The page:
Environment

A community turns to Twitter hashtags to motivate people into birding and conservation

Crimson Sunbird   | Photo Credit: Goldy Rajiv Santhoji

A stunning image of four Amur falcons perched on a tree, tweeted by conservationist Vivek Menon (@vivek4wild) kickstarts a discussion on the conservation story of the falcons that have just landed in Nagaland now en route to Africa. Manish Hariprasad’s (@manishhariprasad) photograph of the mighty steppe eagles, the largest eagles found in India, is an arresting image that draws attention to their dwindling numbers and endangered status. The peregrine falcon photographed at Sambhar Lake, Rajasthan, by Arpit Deomurari (@deomurari) is part of a tweet packed with information on the raptor’s renowned speed — it can go up to 320 kilometres/hour.

Backyard wonders

It is a showcase of raptors from across the country under the hashtag #RapchikRaptors on the @IndiAves page. Take a quick scroll and you are

Pankaj, who has been birding for 18 years, has documented over 1,000 species (of the total 1,350 in India) from across Kerala, the Northeast, Gujarat, and Kashmir. “I take young people on birding trips in and around Delhi, where in the city you can spot more than 60 species.”

“We want people to appreciate the wealth of biodiversity,” says Rocky over phone from Nainital. “Just this morning, I spotted 43 species of birds, as well as mountain goats and leopard during a birding outing. The hashtags with themes like #storksundays puts those birds in the spotlight, and drive the engagement.”

Rocky, who has been birding and photographing birds for over 25 years, says IndiAves is a place where people express their passion. “I encourage the spirit of love and passion for wild and outdoors in children. Being a part of IndiAves amplifies that cause. We have enthusiasts from the North, South, East and West putting out information, and knowledge-sharing happens. A few professional photographers jumped on board, which is a big plus.”

For seasoned birders like Christy Bharath(@contentbirder), an independent bird watcher from Chennai, IndiAves brings back the joy of surprise in birding. “ I went, “Wow!” when I saw Aseem Kotharia’s post on parrotbills. A set of four lovely birds in a combination of brown and grey colours, and an accompanying note on how the distinctive, strongly arched, parrot-like bills give the birds the name. I have been posting bird photographs, especially owls, with their hashtags for the past three months because I want to contribute to the learning experience.”

Learn from the best
  • You can follow renowned photographers like Aseem Kothiala(@Kothiala) based in Himachal, Aditya Dickysingh (@ adityadickysin) from Ranthambore Tiger Reserve area of Rajasthan, SAKET(@Saket_Badola presently Head-TRAFFIC India Programme of WWF-India) IFS officers like Parveen Kaswan (@ ParveenKaswan) and wildlife conservationist Vivek Menon (@vivek4wild) who is also the CEO of the Wildlife Trust of India and an award-winner for his conservation work to save the Asian elephant. Other core members of IndiAves tweet from @Bhrigzz @siddisimple @TMDixit @praveen4588 @HumayoonAsad @rdrakesh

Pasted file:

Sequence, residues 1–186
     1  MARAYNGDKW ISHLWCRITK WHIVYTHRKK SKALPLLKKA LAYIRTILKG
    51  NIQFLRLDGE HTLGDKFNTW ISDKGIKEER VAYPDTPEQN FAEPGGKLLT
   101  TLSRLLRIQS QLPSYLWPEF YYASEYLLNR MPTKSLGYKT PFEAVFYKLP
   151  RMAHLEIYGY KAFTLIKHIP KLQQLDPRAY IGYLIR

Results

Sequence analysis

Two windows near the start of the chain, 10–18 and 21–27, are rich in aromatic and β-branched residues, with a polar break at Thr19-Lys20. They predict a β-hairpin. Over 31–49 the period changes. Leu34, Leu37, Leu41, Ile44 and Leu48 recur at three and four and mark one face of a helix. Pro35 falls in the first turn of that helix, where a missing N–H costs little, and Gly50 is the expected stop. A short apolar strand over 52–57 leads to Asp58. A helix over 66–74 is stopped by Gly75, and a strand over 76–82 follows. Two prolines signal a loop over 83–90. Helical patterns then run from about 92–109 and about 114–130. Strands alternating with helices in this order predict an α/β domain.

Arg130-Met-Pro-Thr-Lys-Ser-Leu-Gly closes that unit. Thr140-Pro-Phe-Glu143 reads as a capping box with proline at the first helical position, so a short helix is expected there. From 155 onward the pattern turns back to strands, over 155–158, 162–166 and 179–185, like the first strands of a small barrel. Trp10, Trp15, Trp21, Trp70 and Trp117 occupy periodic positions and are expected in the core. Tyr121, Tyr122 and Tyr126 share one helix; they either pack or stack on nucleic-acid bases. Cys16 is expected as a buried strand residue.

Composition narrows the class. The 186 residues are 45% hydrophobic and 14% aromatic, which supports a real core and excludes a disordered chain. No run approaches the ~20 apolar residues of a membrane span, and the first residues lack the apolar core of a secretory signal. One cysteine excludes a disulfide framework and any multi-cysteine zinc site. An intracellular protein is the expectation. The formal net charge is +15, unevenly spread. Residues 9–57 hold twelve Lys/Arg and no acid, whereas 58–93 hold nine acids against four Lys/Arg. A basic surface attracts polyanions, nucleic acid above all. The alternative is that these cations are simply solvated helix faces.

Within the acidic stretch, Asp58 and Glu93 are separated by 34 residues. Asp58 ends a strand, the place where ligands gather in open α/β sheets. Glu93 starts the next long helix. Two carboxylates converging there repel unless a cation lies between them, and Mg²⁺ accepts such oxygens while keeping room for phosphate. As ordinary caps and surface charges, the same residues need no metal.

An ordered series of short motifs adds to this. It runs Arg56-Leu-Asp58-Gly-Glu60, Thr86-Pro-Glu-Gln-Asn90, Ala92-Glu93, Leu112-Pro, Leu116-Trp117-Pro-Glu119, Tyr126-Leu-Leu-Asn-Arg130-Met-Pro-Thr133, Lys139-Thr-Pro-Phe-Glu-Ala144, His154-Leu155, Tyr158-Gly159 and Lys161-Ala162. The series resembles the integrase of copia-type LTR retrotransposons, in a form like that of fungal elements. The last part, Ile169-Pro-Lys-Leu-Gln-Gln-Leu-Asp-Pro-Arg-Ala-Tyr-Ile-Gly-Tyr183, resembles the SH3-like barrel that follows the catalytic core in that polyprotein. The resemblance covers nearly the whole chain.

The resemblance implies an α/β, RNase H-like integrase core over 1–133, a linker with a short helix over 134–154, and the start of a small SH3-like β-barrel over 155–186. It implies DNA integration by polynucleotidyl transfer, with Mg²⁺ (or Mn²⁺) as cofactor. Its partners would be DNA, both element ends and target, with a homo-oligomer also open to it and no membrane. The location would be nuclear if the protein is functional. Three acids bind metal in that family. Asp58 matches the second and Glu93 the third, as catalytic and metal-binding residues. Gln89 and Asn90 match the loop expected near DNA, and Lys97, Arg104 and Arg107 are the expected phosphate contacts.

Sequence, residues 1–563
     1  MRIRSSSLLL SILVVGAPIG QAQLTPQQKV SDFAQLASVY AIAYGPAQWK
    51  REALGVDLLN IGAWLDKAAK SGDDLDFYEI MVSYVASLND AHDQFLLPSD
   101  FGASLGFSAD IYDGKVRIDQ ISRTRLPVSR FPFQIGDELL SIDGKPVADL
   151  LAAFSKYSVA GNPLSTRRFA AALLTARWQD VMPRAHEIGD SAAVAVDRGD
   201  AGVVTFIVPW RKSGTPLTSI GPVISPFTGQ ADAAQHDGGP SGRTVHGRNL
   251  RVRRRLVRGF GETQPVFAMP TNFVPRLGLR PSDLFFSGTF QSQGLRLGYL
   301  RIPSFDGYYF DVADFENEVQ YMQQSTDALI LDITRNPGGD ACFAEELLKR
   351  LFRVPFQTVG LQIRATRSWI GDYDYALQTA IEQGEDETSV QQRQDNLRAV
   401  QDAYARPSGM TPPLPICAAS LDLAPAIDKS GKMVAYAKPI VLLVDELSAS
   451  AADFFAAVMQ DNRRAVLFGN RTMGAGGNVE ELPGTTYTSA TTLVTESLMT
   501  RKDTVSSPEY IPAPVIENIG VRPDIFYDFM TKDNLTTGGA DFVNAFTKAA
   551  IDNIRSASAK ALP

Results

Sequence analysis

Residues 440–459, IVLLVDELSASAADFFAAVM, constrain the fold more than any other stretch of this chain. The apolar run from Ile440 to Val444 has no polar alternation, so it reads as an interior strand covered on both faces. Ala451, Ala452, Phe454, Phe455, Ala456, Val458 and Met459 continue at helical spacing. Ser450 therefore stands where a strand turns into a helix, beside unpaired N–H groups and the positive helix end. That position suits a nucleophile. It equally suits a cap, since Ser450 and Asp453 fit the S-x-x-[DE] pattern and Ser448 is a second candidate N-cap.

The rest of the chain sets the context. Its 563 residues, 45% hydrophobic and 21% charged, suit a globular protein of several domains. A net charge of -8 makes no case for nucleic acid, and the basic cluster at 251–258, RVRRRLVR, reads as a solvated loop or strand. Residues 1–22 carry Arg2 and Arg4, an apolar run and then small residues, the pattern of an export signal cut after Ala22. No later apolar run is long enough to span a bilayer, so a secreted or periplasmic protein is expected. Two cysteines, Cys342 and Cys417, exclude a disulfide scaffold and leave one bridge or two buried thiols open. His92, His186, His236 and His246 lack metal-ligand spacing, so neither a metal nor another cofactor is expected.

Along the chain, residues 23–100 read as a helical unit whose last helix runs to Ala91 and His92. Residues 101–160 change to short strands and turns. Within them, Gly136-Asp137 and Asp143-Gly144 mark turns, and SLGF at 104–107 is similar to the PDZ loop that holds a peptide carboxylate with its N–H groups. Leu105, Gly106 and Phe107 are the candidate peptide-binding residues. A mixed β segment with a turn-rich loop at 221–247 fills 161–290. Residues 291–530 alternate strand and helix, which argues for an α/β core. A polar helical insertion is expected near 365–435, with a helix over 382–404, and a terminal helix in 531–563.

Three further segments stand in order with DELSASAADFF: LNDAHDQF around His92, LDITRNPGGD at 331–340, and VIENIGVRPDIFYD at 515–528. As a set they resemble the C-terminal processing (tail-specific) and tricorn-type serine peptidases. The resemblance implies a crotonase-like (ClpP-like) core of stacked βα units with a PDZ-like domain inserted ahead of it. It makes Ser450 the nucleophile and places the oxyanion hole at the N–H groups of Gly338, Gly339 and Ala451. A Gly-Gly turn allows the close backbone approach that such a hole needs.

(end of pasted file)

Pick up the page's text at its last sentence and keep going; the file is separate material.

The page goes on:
Christy says it has piqued his interest to travel across the country and see all the amazing birds. “What makes these eco-warriors stand out is that they bring that sense of innocence and wonderment towards birding which eventually leads to conservation. You just have to step out of your front door to realise that and become a conservationist at heart.”

Silver Bill

Silver Bill   | Photo Credit: Shalini Elassery

Unsung heroes

“Every hashtag tells a story,” says Shalini Elassery talking to us on WhatsApp call from Israel. “It is also about honouring local bird guides, the unsung heroes who have phenomenal knowledge on wildlife. Be it Tripura, Uttarkhand or Rajasthan, there are so many guides who are never appreciated or acknowledged. It is happening on IndiAves now,” says Shalini with pride. “Knowledge dissemination is key. I have been into birding for the last 15 years but I have gained a deeper insight into ornithology.”

Red Munia

Red Munia   | Photo Credit: Chandrakala Rathnam

Chandrakala says every activity is aimed at engaging youngsters. “We ran a bird quiz for beginners and non-birders. Once there is curiousity, they start thinking about protecting their habitat and so on.”

Shalini mentions that some of the themes like #wildlife week, #WorldMigratoryBirdDay, #backyardbirds were revelations. “People came up with amazing photos of reptiles, mammals, birds, and butterflies. It ignites conservation at the grassroots. A woman in Mumbai identified over 100 species from her balcony during the pandemic.”

She adds, “The platform gives us a voice to work alongside the Forest Departments, too. We retweet and comment on every post. Our ultimate aim is that every birder will eventually become a conservationist.”

Goldy mentions that Priyanka Gandhi’s son Raihan Rajiv Vadra follows @IndiAves. “When such young personalities start following wildlife, it gives us a ray of hope.”

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Printable version | Nov 28, 2020 8:13:11 AM | https://www.thehindu.com/sci-tech/energy-and-environment/a-community-turns-to-twitter-hashtags-to-motivate-people-into-birding-and-conservation/article33098292.ece

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